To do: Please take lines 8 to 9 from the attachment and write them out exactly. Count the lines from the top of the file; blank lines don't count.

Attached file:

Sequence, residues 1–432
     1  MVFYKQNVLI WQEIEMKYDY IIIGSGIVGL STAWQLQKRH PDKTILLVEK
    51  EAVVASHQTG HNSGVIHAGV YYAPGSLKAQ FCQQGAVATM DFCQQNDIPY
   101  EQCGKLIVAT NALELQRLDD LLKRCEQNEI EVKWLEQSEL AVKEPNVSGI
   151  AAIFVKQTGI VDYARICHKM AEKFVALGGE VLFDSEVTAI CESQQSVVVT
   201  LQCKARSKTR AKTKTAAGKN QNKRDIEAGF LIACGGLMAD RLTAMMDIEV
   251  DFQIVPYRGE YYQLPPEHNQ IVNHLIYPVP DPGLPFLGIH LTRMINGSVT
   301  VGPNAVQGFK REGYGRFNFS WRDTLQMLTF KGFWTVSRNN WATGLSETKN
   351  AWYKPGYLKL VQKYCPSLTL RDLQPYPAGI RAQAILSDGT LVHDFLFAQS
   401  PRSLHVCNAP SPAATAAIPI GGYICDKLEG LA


   301  VGPNAVQGFK REGYGRFNFS WRDTLQMLTF KGFWTVSRNN WATGLSETKN
   351  AWYKPGYLKL VQKYCPSLTL RDLQPYPAGI RAQAILSDGT LVHDFLFAQS